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Alzheimer’s disease could be caused by a gum infection, according to a new study.
The study, published this week in the peer-reviewed journal Science Advances, suggests the bacteria Porphyromonas gingivalis that destroys gum tissue in the mouth is linked to dementia and Alzheimer’s.
Researchers observed the bacteria in the brains of people with Alzheimer’s disease. They also conducted tests on mice that showed the gum infection led to an increased production of amyloid beta, a part of the amyloid plaques associated with Alzheimer’s disease.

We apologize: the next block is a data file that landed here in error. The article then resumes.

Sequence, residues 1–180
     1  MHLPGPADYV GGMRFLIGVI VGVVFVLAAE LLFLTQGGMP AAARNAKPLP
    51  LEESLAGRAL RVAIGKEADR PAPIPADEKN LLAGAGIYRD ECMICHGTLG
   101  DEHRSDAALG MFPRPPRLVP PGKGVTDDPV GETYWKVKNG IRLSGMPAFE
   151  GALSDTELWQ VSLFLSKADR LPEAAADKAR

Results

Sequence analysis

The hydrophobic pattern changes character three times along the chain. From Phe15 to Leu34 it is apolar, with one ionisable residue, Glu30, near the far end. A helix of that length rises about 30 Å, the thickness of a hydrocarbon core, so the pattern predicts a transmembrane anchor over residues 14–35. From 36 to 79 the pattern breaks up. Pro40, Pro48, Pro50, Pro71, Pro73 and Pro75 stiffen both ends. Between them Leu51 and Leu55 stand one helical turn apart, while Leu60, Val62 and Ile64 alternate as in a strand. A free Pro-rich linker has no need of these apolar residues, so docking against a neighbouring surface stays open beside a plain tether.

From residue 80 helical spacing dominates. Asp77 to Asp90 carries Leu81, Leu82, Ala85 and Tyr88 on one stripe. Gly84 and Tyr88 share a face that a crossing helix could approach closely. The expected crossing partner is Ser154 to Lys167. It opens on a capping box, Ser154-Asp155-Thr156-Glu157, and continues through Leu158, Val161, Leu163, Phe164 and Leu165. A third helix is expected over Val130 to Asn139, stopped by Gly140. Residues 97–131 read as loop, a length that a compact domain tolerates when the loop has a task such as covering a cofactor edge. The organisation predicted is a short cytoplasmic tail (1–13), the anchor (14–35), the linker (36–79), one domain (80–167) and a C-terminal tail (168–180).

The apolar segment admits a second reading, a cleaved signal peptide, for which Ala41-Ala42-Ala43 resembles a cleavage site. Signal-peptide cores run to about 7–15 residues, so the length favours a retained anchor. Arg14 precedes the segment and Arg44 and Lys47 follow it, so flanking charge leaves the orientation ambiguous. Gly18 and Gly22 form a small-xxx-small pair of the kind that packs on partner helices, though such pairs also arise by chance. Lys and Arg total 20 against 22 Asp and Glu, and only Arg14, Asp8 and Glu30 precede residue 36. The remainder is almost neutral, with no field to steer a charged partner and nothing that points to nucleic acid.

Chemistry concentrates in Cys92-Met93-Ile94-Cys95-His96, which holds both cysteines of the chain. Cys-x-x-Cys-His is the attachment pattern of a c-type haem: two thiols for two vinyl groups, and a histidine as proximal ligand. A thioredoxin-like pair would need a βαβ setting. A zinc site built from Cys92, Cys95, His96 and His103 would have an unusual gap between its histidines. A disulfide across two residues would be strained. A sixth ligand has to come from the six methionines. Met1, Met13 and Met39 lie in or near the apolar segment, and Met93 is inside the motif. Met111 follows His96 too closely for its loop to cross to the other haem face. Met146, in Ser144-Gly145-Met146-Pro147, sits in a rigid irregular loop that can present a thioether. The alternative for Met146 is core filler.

“Despite significant funding and the best efforts of academic, industry, and advocacy communities, clinical progress against Alzheimer’s has been frustratingly slow,” Casey Lynch, author on the paper and CEO of pharmaceutical company Cortexyme said in a statement. “The Science Advances publication sheds light…